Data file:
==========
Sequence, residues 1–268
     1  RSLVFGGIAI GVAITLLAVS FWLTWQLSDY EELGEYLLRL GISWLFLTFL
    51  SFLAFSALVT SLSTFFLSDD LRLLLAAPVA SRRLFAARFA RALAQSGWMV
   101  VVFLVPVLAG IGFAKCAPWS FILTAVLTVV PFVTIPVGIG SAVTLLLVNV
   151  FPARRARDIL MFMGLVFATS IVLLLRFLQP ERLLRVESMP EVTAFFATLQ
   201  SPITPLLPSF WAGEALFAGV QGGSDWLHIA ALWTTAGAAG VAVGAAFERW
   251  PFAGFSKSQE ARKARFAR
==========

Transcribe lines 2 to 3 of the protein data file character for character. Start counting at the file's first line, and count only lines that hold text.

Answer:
     1  RSLVFGGIAI GVAITLLAVS FWLTWQLSDY EELGEYLLRL GISWLFLTFL
    51  SFLAFSALVT SLSTFFLSDD LRLLLAAPVA SRRLFAARFA RALAQSGWMV